Study Suggests “Help” Matters Even More in Volatile Markets
September 26, 2011 (PLANSPONSOR.com) - According to a new report from Aon Hewitt and Financial Engines, 401(k) participants who use employer-provided investment help outperform those who do not – and by a gap that has been magnified during recent volatile markets.
The report, Help in Defined Contribution Plans: 2006 through 2010, looked at the impact of professional investment help, defined as target-date funds, managed accounts, and online advice, i
n eight large employer-sponsored defined contribution plans, representing more than 400,000 individual participants with $25
billion in plan assets.
According to the report, Aon Hewitt and Financial Engines were able to measure how participant behavior affected portfolio risk and returns between January 1, 2006 and December 31, 2010, found that workers who used this investment “help” between 2006 and 2010 experienced annual returns nearly 3% higher (292 basis points, net of fees) than those managing their 401(k)s on their own in those programs – and that was up from a 1.86% gap identified in the last such report (see Study Says Investment “Help” Makes a Difference).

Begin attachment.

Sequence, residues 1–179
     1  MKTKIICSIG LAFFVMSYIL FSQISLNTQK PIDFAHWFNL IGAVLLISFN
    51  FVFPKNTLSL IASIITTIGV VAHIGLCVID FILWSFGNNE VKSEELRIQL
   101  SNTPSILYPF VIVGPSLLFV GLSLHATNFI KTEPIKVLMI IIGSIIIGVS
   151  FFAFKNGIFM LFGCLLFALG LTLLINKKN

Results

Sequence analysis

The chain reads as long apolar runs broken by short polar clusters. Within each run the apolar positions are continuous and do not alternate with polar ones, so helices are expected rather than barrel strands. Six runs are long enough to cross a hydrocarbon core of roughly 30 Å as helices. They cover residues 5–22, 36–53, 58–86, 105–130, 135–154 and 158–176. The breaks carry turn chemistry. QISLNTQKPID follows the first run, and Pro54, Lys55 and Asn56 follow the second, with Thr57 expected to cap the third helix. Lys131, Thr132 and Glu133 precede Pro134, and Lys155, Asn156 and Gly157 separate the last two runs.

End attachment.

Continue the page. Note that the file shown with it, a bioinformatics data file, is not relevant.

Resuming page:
“Exacerbated by continued market volatility, workers not using Help are clearly making significant investment mistakes,”
explained Christopher Jones, chief investment officer at Financial Engines. “Their inefficie
nt portfolios and skewed risk taking is hurting results, and as the numbers show, the cost is very high.”
According to the firms, poor portfolio diversification and inappropriate risk choices contributed to the widening performance gap between participants using professional help and those not doing so, particularly in 2009. Additionally, the firms note that some participants also reacted to the market volatility, moving to cash or bonds, and then missed out on the market rally in 2009. Aon Hewitt/Financial Engines claims that, overall, 38% of what they termed “non-Help” participants have risk levels that are excessive, while 18% of that group have risk levels deemed too low. Participants not using any of the three types of Help and those using one of the types of Help but failing to use it appropriately were categorized in the Non-Help group.